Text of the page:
Asian studies in Lithuania
Original language: English
Translated from: English
Authors: Nhat Hanh, Thích
Translated by: Dagys, Saulius
Full translated source bibliographical description:

Thich Nhat Hanh, PEACE IS EVERY STEP. New York: Bantam Books, 1991

ISBN: 978-9955-477-22-8
Published in: Kaunas
Published on: 2014
Publisher: Trigrama

“Peace is every step” is a book about human’s life and individual improvement, following the Vietnamese Buddhist monk Thich Nhat Hanh’s philosophy. Components of the book are quite similar to the reader’s life – it is filled with ups, downs and musings, while every chapter’s title touches yet another part of human’s daily routine. In his book Thich Nhat Hanh teaches how to slow down, relax and just breathe in our society, which is filled with stress, quick lifestyle and chaos. The whole Vietnamese monk’s philosophy is based on ability to breathe, using it to calm down both your body and the soul.

This book consists of three parts, which titles define what that part is about. The first part is called “Breathe! You are alive”. This part is like an introduction, in which Thich Nhat Hanh’s philosophy is described. Peace, breathing and meditation are the key themes that play in the first part. The reader is prepared for the other parts, in which the philosophy is applied to find inner peace. “Every time when we wake up in the morning, we get twenty four brand new hours of life” – this is the quote that starts the first part of the book. Using this, the author is stating that every time we wake up, we get a new chance to grow and improve.

In the second part called “Healthy changes” the author is talking about person’s relationships with other people: Family, friends and relatives. In here he teaches to communicate honestly, not trying to conceal your emotions but rather learning how to control them by not fearing to talk everything out. Probably the most important idea in this part of the books is that people should not try to erase the parts of themselves, which they don’t like but much rather they should try to change them into something positive. It is suggested to transform anger, fear or depression into understanding, since Thich Nhat Hanh states, that “Anger can be removed without the surgical operation”.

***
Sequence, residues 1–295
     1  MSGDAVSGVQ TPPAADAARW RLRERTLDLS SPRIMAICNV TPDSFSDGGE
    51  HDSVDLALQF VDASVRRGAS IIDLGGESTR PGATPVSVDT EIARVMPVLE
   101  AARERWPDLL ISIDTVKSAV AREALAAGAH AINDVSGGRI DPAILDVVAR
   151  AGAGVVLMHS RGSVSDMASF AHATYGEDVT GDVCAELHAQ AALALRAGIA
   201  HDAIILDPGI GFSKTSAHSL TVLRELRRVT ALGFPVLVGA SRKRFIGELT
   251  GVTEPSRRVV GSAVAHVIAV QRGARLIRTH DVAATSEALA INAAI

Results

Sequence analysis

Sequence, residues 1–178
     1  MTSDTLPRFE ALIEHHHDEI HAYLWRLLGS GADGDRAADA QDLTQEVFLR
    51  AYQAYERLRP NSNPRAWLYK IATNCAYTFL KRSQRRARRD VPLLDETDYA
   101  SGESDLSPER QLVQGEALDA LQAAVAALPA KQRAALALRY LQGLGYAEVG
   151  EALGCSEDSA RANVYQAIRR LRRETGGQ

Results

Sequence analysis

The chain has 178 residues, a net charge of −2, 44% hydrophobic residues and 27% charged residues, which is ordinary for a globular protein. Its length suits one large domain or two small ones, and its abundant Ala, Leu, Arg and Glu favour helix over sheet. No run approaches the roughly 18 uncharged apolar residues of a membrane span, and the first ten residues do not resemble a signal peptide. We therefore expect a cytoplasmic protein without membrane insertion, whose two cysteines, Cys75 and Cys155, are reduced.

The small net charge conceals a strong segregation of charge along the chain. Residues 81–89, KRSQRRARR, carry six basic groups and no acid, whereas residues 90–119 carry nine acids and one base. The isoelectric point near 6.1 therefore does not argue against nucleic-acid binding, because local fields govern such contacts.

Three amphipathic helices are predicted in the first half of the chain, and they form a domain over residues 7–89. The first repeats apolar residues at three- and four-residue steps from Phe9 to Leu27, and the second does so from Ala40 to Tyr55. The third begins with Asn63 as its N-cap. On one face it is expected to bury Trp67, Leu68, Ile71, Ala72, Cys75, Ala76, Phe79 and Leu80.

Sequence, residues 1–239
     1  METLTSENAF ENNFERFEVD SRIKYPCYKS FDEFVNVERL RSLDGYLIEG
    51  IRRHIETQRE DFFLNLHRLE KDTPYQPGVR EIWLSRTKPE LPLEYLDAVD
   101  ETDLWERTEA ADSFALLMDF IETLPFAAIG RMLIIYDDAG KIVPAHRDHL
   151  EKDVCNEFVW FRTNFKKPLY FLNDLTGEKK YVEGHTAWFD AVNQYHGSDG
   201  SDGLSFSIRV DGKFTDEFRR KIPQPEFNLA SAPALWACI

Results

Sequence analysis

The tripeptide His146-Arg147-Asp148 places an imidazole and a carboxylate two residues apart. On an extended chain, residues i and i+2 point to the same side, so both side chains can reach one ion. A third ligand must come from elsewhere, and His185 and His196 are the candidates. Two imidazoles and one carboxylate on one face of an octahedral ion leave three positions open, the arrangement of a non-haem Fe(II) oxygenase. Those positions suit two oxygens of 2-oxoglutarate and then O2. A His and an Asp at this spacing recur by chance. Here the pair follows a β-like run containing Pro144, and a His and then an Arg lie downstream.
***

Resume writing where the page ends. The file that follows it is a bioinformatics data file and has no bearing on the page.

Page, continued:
The last part is called just like the whole book is called and in it Buddhist monk talks about the art of seeing good things in the simple objects that are part of our daily routines. Sometimes the things that do not appeal at first can bring us joy and light. The best example of this is compost. At the first sight compost is not the closest thing to our hearts but the things is that after we lay down the compost, flowers start growing, and flowers bring all of us joy. Flowers – one of the most important objects of the book. The author turns flowers into a symbol that is understood using the gift of seeing. Even watching a simple flower we can see it’s true meaning to bring smile upon our faces.

The best way to sum this book up, is using one simple word – breathing. This book is like a new, fresh breathe of oxygen into our lungs, which gives us life and understanding. It teaches us how to find peace not only in ourselves but it the things where we do not expect to find it.

Initiators of the project: Japan foundation VDU